We might all enjoy movies like Rambo, but let’s face it. Most people who try to be vigilante heroes end up dead. True strength comes in numbers—in the collective talents, passions, and insights of a company of heroes, not one hero who takes credit for everyone’s work.
Babe Ruth, a man who many would consider a giant of individual talent, put it this way: “The way a team plays as a whole determines its success. You may have the greatest bunch of individual stars in the world, but if they don’t play together, the club won’t be worth a dime.”
When it comes to any creative endeavor, it’s not me, but we, who make the project a success.
4. Good enough isn't good enough
When the deadlines pile up and time is running short, we can find ourselves ready to throw in the towel and say, “That’s good enough.”
No, it’s not.
Good enough is the mantra of the defeated. It’s the path to mediocracy. It’s safe. But Todd Henry makes a great point, “A lifetime of mediocrity is a high price to pay for safety.”
I refuse to settle for good enough. I strive for greatness. I forge ahead. When I hit a wall, I push through it. When the road gets bumpy, I may switch gears, but I keep going. After all, “It is a rough road that leads to the heights of greatness.” Seneca said that. Yeah, he was pretty smart.
5. Walk into the fear
Either you will walk into the fear, or you shrink from it. I choose to embrace fear and stare it in the face. I respect it. I do not run from fear a coward but instead run into it with courage.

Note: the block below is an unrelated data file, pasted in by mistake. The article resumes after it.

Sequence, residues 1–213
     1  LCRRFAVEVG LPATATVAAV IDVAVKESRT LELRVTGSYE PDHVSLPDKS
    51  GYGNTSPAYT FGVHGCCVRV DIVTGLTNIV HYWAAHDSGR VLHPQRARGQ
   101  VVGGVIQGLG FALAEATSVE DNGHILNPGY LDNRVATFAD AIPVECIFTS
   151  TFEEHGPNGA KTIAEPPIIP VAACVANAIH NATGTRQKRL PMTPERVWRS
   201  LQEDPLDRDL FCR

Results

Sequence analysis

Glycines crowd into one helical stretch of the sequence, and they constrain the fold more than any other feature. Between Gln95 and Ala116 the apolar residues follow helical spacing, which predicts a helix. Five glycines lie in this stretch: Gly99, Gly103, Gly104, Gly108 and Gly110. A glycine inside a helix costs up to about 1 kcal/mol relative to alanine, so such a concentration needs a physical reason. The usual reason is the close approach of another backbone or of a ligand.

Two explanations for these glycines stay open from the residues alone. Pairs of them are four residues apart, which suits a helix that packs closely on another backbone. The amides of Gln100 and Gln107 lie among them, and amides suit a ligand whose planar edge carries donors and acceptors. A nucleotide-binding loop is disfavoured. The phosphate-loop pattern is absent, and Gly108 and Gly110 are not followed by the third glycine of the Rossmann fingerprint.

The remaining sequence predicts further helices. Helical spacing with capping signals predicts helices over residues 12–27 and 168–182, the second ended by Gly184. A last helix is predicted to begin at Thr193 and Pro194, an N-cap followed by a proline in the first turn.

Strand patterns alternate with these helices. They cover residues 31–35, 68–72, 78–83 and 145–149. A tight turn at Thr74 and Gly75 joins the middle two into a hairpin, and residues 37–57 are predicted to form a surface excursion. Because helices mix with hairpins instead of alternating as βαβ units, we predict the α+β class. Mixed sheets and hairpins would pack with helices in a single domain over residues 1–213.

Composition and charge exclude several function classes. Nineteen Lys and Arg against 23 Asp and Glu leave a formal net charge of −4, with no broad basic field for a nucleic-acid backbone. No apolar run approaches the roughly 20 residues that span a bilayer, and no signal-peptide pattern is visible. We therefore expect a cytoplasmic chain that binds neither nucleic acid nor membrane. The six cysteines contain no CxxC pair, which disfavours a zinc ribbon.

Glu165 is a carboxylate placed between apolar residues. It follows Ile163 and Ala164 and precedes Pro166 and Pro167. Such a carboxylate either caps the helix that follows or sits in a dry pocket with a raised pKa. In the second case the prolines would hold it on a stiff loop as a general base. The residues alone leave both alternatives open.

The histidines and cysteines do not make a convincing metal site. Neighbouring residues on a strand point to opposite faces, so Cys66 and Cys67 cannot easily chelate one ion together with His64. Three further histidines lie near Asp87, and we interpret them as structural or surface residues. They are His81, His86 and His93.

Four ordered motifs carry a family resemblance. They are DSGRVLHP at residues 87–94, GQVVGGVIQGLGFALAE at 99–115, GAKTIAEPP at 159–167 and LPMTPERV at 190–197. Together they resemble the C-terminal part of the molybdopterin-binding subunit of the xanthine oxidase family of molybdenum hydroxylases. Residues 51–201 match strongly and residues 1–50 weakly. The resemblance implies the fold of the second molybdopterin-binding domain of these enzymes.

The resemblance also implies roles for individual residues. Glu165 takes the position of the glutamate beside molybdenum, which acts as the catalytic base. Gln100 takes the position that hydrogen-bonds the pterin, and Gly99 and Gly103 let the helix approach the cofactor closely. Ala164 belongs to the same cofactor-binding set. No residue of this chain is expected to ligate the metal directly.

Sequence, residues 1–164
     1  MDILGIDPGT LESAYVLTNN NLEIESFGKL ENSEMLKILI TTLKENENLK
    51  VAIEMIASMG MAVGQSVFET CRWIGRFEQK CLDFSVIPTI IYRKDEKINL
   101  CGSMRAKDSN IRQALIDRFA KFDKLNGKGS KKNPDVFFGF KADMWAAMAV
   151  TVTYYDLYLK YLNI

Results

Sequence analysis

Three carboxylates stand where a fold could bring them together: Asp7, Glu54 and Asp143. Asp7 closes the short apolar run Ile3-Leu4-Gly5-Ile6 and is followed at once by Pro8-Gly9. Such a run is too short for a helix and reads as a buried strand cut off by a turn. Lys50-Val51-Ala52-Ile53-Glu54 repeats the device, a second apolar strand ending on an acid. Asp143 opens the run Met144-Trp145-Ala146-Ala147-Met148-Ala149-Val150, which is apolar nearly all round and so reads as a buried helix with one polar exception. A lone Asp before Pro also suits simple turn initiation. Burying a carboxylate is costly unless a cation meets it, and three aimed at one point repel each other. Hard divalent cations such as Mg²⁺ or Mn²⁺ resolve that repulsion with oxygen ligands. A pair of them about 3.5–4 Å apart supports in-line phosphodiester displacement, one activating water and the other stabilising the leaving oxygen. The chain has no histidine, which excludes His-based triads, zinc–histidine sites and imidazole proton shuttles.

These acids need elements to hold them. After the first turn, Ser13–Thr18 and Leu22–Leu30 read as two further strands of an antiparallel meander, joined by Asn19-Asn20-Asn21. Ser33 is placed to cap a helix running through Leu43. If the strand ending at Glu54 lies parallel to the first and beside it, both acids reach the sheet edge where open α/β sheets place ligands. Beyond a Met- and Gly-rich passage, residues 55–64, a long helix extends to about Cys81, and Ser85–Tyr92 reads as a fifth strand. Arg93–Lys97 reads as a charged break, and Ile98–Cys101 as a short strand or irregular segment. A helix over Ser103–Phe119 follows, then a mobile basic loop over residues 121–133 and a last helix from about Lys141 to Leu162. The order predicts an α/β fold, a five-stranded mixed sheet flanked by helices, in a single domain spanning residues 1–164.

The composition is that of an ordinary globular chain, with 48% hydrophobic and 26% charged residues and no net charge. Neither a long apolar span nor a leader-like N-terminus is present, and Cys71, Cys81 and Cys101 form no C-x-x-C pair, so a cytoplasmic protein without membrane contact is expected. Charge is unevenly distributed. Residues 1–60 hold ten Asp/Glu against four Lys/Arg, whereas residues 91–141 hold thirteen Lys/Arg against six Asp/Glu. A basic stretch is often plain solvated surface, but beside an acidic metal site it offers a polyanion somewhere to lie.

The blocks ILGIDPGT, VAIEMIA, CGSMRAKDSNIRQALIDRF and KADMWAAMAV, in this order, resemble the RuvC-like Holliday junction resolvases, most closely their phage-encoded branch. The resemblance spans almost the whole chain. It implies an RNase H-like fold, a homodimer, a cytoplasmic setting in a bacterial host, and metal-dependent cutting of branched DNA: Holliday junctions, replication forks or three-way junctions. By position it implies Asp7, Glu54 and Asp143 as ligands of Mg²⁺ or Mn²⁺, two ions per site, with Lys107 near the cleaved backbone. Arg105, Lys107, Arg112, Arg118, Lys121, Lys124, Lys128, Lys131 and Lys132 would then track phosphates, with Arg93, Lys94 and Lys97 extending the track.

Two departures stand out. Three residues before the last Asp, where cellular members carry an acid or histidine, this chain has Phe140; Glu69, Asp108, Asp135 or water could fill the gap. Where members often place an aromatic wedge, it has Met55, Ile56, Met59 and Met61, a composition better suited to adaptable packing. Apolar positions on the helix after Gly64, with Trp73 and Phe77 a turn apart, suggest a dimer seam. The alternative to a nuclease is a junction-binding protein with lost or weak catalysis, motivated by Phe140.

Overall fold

Gandhi said, “Fear has its use but cowardice has none.” Fear makes us better. It helps us know when we’re taking risks. It brings excitement. It opens doors. It compels us to do great things.
When it comes to creativity, fear is usually the indicator that something great lives on the the other side. The ability to walk into the fear is what separates the strong from the weak, the good from the great. Embracing fear is a treasure given to us by God.
Ralph Waldo Emerson puts it into perspective, “He who is not everyday conquering some fear has not learned the secret of life.”
6. Stories matter
You can sell them, or you can compel them. Selling will move your product, but it won’t create evangelists. To create follow-you-to-the-ends-of-the-earth fans, you have to create an ethos. You have to be mythic. And the only way you do that is through stories.
Stories compel us, not just sell us. They move us. They create emotional attachment. Stories connect with the depths of our souls. As Muriel Rukeyser beautifully put it, “The universe is made of stories, not of atoms.”
You have a story, and it’s begging to be told. You change lives, for better or for worse. You can and should stand for more than the bottom line.
7. Be kind, not nice
Kurt Vonnegut once wrote, “There’s only one rule I know of, babies—God damn it, you’ve got to be kind.” Kurt probably said that a little more strongly than I would, but you get the idea. Certainly, he didn’t mean be nice when he said be kind. He wasn’t nice by any stretch. So, what did he mean?
There are lots of nice people in the world who aren’t very kind. They’ll smile at you. They’ll patronize you. They’ll tell you yes when they should tell you no. They’ll hold your hand all the way to hell.
Nice and kind are not the same—though sometimes they work together. Kind people care about you and others. They care so much that sometimes they’ll say the hard word because it’s needed. They’ll turn you out because they know it’s what’s best for you. They’ll push you when you’re ready to give up. They’ll see what you can be instead of what you are. And sometimes, you won’t think they’re being very nice.
Some of the kindest people I’ve known have been the hardest on me. I salute them, and I strive to be like them: kind, not nice.
8. What's the 11th?
Hit me up on Twitter, and I’ll let you know.Back…